There are five “main senses,” which are:
Eventually we’ll go over on the other four, but for now we’re going to focus on sense of smell. This post shouldn’t be long, because the real key to using sense of smell is easy.
Pick a smell your reader will recognize.
In other words, something most people have smelled in their lives. Examples: copper (like pennies and other coins), milk, wet pavement, gas station bathrooms, I could go on forever.
Why is it important?
If your reader recognizes something, he connects with it. If the given smell is at all familiar to him, he will connect to that particular scene, which also applies to taste and hearing. (And most other things in writing, but that’s a story for another day.) See, isn’t this easy?
(Tip: if you recognize the scent, your reader probably will too. Just don’t pick anything overly complicated (i.e. “The air smelled like fresh pastries on a warm summer day. . . .”).)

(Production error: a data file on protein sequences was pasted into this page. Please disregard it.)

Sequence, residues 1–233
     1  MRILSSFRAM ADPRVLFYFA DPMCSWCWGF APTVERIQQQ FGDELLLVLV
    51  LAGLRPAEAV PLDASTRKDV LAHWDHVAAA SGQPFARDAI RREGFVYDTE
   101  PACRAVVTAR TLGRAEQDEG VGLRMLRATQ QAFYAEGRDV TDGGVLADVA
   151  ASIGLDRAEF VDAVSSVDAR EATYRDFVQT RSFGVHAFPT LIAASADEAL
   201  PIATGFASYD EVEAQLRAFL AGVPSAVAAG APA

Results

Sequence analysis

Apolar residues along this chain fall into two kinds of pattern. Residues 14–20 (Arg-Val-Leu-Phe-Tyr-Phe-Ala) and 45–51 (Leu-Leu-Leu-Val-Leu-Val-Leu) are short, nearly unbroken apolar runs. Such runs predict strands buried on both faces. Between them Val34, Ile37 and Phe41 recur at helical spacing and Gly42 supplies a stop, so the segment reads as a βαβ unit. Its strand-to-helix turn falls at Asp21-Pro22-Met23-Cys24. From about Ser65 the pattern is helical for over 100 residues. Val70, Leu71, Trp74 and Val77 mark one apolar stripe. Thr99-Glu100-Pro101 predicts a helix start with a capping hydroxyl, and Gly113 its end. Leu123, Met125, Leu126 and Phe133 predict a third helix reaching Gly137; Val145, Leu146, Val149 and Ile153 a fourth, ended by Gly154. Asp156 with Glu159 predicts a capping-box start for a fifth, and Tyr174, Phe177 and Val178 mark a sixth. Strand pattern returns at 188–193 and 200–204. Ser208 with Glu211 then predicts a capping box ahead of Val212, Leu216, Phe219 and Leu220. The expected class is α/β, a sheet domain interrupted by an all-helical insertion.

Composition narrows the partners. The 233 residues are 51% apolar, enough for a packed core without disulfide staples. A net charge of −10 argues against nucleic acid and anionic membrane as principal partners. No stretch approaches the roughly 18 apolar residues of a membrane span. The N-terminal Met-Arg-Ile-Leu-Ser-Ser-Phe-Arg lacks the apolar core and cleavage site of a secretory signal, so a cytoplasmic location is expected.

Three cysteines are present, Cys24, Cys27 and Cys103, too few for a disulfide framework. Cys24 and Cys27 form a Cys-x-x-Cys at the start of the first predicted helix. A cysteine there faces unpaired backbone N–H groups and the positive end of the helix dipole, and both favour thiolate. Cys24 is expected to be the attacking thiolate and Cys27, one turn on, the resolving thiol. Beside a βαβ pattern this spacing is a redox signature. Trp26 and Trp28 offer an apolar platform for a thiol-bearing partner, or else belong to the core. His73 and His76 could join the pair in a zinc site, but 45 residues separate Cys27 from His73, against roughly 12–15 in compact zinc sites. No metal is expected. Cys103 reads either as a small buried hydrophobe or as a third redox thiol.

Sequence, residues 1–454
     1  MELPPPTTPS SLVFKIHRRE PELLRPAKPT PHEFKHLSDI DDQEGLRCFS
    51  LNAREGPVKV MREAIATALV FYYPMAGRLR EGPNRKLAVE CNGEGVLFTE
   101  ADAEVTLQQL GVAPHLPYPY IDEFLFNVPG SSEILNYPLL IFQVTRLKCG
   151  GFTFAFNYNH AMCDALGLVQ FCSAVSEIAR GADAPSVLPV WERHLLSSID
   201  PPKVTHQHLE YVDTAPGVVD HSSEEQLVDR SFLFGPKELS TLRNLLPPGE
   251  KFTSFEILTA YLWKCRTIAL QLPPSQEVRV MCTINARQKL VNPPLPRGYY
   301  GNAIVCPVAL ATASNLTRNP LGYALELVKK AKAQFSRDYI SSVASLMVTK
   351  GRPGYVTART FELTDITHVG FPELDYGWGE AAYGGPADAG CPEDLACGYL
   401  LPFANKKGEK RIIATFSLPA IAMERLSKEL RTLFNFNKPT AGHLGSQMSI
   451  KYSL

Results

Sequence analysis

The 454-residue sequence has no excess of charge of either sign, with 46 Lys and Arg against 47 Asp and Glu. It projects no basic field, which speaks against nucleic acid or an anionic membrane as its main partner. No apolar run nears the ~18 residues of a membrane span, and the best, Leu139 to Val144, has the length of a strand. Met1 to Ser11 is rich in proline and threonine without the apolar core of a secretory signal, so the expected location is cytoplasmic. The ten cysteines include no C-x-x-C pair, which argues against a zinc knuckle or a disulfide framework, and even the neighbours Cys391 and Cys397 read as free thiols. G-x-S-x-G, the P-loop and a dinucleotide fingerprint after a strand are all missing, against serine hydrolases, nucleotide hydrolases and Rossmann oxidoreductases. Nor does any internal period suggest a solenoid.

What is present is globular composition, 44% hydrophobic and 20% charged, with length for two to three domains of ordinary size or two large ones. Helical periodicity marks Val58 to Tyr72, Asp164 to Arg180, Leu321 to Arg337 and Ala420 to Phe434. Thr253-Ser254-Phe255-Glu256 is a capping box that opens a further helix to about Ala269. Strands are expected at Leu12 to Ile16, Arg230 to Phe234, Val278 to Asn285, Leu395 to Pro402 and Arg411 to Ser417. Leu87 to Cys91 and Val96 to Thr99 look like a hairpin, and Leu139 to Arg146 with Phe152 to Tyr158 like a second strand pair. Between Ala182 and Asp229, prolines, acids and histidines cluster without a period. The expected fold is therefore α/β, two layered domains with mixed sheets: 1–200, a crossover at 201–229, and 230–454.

In addition, it’s important that the scent you use to describe something fits around a theme. If you’re describing something scary, your chosen smell should be scary. If you’re describing something romantic or pretty, you should use a scent that goes with that theme. You get the idea.
I won’t bore you with useless information, because I think I’ve made my point. A lot of the information in this post also applies to the other senses, so I wouldn’t shy away from experimenting with that. Feel free to comment below with any questions or suggestions! 🙂